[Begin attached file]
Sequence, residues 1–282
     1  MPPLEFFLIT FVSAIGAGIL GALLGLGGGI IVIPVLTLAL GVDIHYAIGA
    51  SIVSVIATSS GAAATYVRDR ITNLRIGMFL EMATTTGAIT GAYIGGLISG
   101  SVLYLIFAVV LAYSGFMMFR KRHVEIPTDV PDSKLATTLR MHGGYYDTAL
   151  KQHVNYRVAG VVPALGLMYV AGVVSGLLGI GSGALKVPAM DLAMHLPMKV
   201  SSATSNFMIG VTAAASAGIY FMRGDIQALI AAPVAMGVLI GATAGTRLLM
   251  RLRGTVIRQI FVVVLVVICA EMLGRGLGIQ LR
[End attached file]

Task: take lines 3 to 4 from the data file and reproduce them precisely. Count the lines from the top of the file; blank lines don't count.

    51  SIVSVIATSS GAAATYVRDR ITNLRIGMFL EMATTTGAIT GAYIGGLISG
   101  SVLYLIFAVV LAYSGFMMFR KRHVEIPTDV PDSKLATTLR MHGGYYDTAL